International Literacy Day is celebrated worldwide on September 8th. Did you know 1 in 5, that’s 776 million adults worldwide cant even write their own name or read a sentence in a book? International Literacy Day gives children and communities a chance to rediscover the joys of reading and writing while raising awareness for those without access to education.

What is Literacy and why is literacy so important? Literacy is the ability to read and write coherently and think critically about the written word. Literacy can also include the ability to understand all forms of communication; body language, pictures, or videos. We need to be able to read and write to get through daily tasks, anything from writing a grocery list to reading a newspaper. Literacy is essential to our development.

Here are some activities you can do as a family to help develop and improve literacy skills:

  1. Create a reading corner. The easiest way to promote reading to your children is to create a quiet corner where there are a variety of books readily available and a quiet place to look at them and read on their own or with you.
  2. Take a trip to the Library. Visiting a library together is a great way to promote family literacy activities. Libraries not only offer access to books for all ages and stages but also a variety of topics. The library can also connect you with community literacy activities like storytelling or reading clubs.
  3. Read and Report. Read story together, take turns reading and then discuss the book, ask questions, what was your favourite part? Who was your favourite character? Then work together to complete a Book Report.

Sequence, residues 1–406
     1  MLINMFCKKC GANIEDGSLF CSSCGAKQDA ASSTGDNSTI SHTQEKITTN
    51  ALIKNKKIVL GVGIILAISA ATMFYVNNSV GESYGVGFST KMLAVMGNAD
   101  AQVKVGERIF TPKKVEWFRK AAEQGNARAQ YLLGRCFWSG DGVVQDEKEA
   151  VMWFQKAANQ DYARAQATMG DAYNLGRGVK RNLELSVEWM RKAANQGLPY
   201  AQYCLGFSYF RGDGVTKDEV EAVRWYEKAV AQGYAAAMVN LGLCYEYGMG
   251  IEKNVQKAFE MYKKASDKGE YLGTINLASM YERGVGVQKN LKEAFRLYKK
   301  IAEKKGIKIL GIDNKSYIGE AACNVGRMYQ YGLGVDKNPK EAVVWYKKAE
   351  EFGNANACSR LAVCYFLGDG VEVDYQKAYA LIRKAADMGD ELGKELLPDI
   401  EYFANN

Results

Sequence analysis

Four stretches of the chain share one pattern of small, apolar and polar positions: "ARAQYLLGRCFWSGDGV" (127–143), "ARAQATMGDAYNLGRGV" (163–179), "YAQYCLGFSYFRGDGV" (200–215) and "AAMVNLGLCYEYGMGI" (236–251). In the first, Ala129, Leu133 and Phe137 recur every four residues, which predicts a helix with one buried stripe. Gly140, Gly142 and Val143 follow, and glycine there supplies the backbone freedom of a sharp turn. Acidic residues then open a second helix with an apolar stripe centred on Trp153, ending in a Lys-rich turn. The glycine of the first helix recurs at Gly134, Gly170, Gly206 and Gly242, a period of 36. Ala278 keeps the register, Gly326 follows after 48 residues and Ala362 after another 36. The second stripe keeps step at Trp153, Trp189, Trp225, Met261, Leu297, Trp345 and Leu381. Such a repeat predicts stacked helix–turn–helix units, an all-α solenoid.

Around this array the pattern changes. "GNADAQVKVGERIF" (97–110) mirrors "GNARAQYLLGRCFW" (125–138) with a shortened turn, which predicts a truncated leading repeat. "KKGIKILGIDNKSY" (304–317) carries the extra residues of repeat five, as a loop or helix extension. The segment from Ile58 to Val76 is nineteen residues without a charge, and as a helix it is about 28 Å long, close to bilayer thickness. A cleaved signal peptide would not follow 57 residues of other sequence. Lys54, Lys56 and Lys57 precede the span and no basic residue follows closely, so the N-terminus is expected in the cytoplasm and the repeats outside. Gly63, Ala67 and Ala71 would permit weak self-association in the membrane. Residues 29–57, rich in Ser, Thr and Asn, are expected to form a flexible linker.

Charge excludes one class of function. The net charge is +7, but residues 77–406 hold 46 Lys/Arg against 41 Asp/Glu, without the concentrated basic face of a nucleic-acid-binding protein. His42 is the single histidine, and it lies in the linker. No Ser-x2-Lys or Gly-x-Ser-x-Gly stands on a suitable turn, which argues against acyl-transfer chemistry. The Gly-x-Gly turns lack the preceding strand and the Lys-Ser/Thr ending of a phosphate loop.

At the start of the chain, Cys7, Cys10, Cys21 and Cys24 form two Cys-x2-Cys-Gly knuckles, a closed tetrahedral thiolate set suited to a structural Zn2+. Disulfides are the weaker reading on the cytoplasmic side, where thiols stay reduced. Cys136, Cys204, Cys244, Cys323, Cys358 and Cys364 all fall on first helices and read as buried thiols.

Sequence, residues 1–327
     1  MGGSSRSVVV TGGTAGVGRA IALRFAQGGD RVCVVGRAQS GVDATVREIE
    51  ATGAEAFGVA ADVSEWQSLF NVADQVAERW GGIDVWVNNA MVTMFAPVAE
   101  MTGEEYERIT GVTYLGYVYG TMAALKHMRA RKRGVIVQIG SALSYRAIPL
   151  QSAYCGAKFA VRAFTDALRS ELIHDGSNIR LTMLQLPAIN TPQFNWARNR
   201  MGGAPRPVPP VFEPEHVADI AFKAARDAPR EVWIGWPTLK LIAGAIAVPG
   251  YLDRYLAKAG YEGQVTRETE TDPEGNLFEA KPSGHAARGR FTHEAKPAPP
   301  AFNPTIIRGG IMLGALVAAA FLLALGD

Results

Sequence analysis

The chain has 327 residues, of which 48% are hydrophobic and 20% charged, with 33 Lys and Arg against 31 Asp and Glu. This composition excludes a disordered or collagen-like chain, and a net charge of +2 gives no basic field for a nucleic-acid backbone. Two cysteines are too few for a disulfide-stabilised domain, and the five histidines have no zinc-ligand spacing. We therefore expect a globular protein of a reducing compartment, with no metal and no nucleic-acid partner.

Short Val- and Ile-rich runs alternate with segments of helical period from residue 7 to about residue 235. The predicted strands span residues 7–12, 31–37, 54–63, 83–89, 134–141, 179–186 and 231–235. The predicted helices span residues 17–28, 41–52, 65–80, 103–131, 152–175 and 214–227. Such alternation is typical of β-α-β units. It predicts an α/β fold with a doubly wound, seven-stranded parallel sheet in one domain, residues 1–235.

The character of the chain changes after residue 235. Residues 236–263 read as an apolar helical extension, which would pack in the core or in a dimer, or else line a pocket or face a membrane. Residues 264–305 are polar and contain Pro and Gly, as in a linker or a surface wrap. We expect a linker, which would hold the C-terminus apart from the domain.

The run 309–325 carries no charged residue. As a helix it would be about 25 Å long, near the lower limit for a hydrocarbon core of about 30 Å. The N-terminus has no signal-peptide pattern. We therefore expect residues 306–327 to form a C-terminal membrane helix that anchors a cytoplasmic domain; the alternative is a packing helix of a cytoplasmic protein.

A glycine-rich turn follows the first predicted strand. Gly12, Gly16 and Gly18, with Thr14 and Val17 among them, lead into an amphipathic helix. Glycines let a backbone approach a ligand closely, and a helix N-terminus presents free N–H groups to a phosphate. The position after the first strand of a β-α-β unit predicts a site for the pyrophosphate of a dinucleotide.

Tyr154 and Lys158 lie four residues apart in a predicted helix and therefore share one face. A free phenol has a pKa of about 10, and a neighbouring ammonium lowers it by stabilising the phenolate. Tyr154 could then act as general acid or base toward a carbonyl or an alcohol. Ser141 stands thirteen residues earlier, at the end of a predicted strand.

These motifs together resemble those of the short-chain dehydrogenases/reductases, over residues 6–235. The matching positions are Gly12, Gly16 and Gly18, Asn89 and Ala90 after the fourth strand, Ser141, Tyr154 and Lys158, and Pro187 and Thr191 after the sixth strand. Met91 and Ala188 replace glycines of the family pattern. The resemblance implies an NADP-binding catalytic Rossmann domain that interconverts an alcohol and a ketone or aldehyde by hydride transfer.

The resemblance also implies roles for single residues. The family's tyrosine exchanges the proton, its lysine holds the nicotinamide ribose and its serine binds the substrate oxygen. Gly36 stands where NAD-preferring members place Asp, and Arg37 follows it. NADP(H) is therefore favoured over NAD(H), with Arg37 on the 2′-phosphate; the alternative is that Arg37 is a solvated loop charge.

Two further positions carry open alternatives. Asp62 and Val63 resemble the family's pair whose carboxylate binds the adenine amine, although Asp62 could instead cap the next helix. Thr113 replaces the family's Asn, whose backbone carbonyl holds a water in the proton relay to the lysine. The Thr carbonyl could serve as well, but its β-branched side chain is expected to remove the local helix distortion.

4. Start a family journal. You can have one book for the whole family, or each family member can have their own book. The journal doesn’t have to be strictly for writing, you can use it as a place to collect thoughts, stories, ideas, drawings, and you can even cut and paste items you’ve collected, whatever you want.Check out this link for some ideas and inspiration for your journals
  5. Storytelling. Work together to make up a story of your own. There are so many great ways you can do this:
    • Story Stones: There are a few variations of story stones. Check out this site to get some ideas how to create your own story stones
    • Story in a Bag: Collect items in bags and then take turns making a story about the items you have in your bag
    • Draw a picture: Have children draw a picture and then tell you the story behind the art.

Fun Reading Lists for Kids

Classic Canadian children’s books new and old:

  1. The Hockey Sweater by Roch Carrier
  2. Grump Bird by Jeremy Tankard
  3. Red is Best by Kathy Stinson
  4. Love You Forever by Robert Munsch
  5. Perfect Snow by Barbara Reid

Alphabet Books:

  1. Z is for Zamboni: A Hockey Alphabet by Matt Napier
  2. ABC of Canada by Kim Bellefontaine
  3. Dr.Seuss’s ABC: An Amazing Alphabet Book – Dr.Seuss
  4. Eating the Alphabet by Lois Ehlert
  5. Animal Alphabet by Alex A. Lluch

 Counting Books:

  1. 123 of Canada by Kim Bellefontaine
  2. My First Numbers: Let’s Get Counting! By DK Publishing
  3. Counting in the Garden by Kim Parker
  4. Counting 1 to 100: Ages 5-7 by Ingram ECE
  5. Baseball Counting Book by Barbara Barbieri

Feelings Books:

  1. Feelings by Aliki
  2. In My Heart: Book of Feelings by Jo Witek and Christine Roussy
  3. The Feelings Book by Todd Parr
  4. The Way I Feel by Janan Cain
  5. F is for Feelings – By Goldie Millar and Lisa Bereger